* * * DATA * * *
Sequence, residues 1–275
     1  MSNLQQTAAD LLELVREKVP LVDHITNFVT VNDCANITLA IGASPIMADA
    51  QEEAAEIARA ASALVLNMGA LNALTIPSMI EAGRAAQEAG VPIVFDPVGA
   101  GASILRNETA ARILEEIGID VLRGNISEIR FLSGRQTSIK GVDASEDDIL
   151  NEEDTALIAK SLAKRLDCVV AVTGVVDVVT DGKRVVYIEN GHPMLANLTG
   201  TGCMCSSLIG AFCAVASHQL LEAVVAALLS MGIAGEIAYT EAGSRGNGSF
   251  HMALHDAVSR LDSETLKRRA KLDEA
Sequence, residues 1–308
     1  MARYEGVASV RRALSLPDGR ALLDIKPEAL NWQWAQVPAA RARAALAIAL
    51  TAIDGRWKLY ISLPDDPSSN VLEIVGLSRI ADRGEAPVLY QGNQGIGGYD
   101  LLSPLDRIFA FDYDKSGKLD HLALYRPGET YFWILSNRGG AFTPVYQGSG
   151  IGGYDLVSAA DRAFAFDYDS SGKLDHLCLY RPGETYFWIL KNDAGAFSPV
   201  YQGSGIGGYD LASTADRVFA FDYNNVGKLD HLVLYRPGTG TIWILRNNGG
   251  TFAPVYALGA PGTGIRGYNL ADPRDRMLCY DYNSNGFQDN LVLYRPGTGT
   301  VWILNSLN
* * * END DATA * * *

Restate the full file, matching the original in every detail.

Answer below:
Sequence, residues 1–275
     1  MSNLQQTAAD LLELVREKVP LVDHITNFVT VNDCANITLA IGASPIMADA
    51  QEEAAEIARA ASALVLNMGA LNALTIPSMI EAGRAAQEAG VPIVFDPVGA
   101  GASILRNETA ARILEEIGID VLRGNISEIR FLSGRQTSIK GVDASEDDIL
   151  NEEDTALIAK SLAKRLDCVV AVTGVVDVVT DGKRVVYIEN GHPMLANLTG
   201  TGCMCSSLIG AFCAVASHQL LEAVVAALLS MGIAGEIAYT EAGSRGNGSF
   251  HMALHDAVSR LDSETLKRRA KLDEA
Sequence, residues 1–308
     1  MARYEGVASV RRALSLPDGR ALLDIKPEAL NWQWAQVPAA RARAALAIAL
    51  TAIDGRWKLY ISLPDDPSSN VLEIVGLSRI ADRGEAPVLY QGNQGIGGYD
   101  LLSPLDRIFA FDYDKSGKLD HLALYRPGET YFWILSNRGG AFTPVYQGSG
   151  IGGYDLVSAA DRAFAFDYDS SGKLDHLCLY RPGETYFWIL KNDAGAFSPV
   201  YQGSGIGGYD LASTADRVFA FDYNNVGKLD HLVLYRPGTG TIWILRNNGG
   251  TFAPVYALGA PGTGIRGYNL ADPRDRMLCY DYNSNGFQDN LVLYRPGTGT
   301  VWILNSLN